Educating oneself to make gratitude mean something that cannot be taken for granted, and always eager to seek out and value the kind that will stand behind the action. Nothing that is done is a matter of course. Everything originates in a spirit for the excellence, which is directed at you. Train yourself never to put off the word or action for the expression of gratitude.

Gratitude unlocks the fullness of life. It turns what we have into enough, and more. It turns denial into acceptance, chaos into order, and confusion into clarity…. It turns problems into gifts, failures into success, the unexpected into perfect timing, and mistakes into important events. Gratitude makes sense of our past, brings peace for today and creates a vision for tomorrow.

What would your life be like if you made a conscious effort to experience gratitude each and every day? Even the Buddha preaches: “Let us rise up and be thankful, for if we didn’t learn a lot today, at least we learned a little, and if we didn’t learn a little, at least we didn’t get sick, and if we got sick, at least we didn’t die; so, let us all be thankful.” Take a moment and try this experiment:

Look around you. Be sure and notice all the imperfections. From right where you are sitting: look for the dirt, the disorder and dust. See all the things that need cleaning, repairing and replacing. Is the furniture you are sitting on old and run down? Is your computer not as fast as you would like it to be? Do you have a ton of time consuming e-mails that need answering? Is there a stack of bills waiting for you to pay them? Are you surrounded by clutter and chaos? If you are at work, are you under a deadline and stressed?

Take a moment and check in with how you are feeling and how your body is responding as you connect to what is wrong or missing in your world. Notice your breathing. Are your breaths short and shallow? Is your heart racing?

Now, look around and see the same area you just surveyed and find the good that these moments have inbuilt in them. If you are sitting in a chair, is it more comfortable than sitting on the floor? Do you have people in your life that care enough about you to send you e-mails in the first place? Yes, even those annoying forwarded jokes, chain letters or angels made out of plus and minus signs.

Look at the other objects around you may be taking for granted: the light at your desk that allows you to see, the window that brings sunlight into the room, the room you sit in that shelters you from the elements, the computer that gives you a window to the world, and the telephone or the internet that connects you to other people.

Are there things around you that give you pleasure to look at? Do you have a picture of a loved one near you or a photo of a wonderful sight you saw while on vacation? Is there a painting or poster that you enjoy looking at? When was the last time you really saw it? When was the last time you took a moment to appreciate colors?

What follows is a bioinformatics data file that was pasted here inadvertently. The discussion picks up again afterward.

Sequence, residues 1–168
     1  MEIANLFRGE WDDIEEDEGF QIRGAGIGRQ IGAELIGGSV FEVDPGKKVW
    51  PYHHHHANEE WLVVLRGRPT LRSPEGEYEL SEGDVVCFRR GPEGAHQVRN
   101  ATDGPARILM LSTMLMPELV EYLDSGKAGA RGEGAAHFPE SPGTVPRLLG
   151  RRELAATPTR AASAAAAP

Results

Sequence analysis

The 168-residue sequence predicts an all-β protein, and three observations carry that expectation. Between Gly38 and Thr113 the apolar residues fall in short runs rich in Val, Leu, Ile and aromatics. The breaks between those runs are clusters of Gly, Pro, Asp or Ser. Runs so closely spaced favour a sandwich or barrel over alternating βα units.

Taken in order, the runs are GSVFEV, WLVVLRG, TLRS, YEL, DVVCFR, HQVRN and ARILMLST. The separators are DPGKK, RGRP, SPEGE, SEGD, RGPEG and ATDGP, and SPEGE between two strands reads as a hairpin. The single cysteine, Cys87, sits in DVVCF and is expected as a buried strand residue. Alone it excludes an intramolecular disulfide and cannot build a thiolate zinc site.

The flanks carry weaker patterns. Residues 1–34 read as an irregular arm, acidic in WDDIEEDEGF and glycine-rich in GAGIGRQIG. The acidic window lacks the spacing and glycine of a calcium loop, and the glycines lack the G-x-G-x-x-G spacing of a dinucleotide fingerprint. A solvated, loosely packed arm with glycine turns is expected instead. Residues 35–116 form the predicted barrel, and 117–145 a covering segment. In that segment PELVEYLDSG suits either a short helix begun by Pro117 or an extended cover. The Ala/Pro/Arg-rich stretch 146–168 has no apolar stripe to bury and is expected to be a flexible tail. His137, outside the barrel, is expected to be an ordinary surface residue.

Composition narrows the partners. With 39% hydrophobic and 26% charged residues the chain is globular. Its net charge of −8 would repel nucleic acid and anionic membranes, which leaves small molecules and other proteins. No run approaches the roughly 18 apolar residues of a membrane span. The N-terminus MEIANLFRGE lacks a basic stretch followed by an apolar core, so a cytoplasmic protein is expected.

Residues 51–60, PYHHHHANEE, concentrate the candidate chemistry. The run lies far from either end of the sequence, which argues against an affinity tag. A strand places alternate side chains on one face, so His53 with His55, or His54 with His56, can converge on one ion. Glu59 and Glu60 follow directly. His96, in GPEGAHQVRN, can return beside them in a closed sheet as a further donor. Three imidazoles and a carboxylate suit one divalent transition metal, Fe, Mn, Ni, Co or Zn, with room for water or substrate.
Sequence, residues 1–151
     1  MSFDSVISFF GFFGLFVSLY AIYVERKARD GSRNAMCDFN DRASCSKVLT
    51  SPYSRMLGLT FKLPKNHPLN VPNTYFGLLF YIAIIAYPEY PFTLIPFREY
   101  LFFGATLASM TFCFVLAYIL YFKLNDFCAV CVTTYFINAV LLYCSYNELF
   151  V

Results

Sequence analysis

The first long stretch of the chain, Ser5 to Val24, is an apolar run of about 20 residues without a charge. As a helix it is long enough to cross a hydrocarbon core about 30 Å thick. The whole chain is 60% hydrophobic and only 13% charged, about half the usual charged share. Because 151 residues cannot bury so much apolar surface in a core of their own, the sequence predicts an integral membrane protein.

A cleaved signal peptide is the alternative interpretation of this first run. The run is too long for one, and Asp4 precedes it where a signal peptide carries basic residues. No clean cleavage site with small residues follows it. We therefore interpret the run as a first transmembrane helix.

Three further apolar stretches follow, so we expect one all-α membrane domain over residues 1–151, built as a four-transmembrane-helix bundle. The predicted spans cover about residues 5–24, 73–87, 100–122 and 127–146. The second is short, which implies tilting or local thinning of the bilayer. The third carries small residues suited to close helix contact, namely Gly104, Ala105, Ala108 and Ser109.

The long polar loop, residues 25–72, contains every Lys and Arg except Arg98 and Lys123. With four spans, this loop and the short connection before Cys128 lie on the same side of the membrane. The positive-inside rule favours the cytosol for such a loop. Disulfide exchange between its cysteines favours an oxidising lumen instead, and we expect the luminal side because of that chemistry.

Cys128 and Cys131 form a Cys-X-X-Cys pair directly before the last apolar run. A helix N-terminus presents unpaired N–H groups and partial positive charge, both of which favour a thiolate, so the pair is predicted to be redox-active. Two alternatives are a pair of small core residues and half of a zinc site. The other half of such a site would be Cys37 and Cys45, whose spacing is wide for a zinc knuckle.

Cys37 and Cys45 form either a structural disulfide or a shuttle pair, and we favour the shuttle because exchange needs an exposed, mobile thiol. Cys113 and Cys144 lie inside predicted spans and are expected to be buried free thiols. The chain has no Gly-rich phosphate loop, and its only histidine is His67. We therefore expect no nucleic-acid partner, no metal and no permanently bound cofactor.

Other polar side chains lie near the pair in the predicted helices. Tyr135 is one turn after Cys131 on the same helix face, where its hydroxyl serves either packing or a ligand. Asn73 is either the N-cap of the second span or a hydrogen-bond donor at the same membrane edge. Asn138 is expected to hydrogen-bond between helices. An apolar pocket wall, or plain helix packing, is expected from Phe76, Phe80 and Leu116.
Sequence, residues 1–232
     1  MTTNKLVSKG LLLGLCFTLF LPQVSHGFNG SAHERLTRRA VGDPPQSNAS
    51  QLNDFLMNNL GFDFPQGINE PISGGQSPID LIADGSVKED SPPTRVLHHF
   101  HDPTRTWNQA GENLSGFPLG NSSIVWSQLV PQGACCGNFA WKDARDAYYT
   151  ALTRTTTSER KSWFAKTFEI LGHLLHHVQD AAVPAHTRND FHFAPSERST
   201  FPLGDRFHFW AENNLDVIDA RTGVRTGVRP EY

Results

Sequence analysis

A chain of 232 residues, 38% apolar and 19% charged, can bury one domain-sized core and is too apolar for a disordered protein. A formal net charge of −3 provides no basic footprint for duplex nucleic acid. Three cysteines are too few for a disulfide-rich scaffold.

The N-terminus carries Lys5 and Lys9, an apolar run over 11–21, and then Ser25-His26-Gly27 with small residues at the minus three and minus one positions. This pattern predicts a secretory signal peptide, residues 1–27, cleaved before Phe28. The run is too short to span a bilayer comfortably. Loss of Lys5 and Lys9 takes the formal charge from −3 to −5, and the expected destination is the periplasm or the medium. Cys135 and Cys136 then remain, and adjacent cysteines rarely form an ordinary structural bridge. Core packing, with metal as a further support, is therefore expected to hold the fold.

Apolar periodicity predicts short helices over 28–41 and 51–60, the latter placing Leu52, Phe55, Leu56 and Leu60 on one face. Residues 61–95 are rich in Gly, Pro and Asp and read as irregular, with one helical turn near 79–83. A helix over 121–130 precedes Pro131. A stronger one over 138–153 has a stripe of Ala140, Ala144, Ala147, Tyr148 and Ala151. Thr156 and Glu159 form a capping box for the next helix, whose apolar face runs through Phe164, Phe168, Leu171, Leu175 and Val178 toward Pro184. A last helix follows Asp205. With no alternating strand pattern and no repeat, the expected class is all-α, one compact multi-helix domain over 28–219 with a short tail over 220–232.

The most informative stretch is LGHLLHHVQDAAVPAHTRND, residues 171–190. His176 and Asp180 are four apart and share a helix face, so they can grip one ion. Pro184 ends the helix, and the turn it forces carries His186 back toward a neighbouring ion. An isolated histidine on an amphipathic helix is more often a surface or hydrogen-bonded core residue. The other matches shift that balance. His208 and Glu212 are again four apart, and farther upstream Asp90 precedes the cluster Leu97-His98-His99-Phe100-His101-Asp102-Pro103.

Take a moment and check in with how you are feeling and how your body is responding as you connect with what is good and beautiful around you. Take a deep full breath and let yourself settle into a state of thankfulness.

When you focus on what is lacking or missing in your life you tap into scarcity and deprivation. When you focus on what you have, who is in your life and what is in your life, you tap into abundance and satisfaction. Each day is full of opportunities – for growth, for learning, for connection. Each day can be a gift. And each day we can give the gifts of love, compassion, service and laughter.

I am not suggesting that you deny the reality of your circumstances. I am suggesting a shift in perspective. Choose to see what is, rather than what isn’t in your life. Yes, a glass can be half empty. The glass can also be half full.

Why not give thanks every day of the year, in addition to the fourth Thursday in November? Are you grateful for all the moments of your life? What gifts of learning does each day offer you? Do you take the time to focus on gratitude for who and what you have in your life? Or do you focus on what you want, don’t have and is missing for you? What gifts have been given to you in this day? And what gifts (love, compassion, service, laughter) have you given to others?

Here’s a simple principle: The more you give thanks for what you have, the more you’ll have to be thankful for.

Gratitude is not complex. Appreciation can make a day, even change a life. Your willingness to put it into words is all that is necessary. But this feeling is born only once you are willing to educate yourself to nurture it. It is not just educating yourself but also making sure that you effectively communicate it to others and show them the path to gratitude.

William James writes, “The deepest craving of human nature is the need to be appreciated.” Appreciation is because of the gratitude expressed by someone else. The result is a harmony between minds and isn’t this what we are all looking for?

[Arvind Passey]
Written for PT Education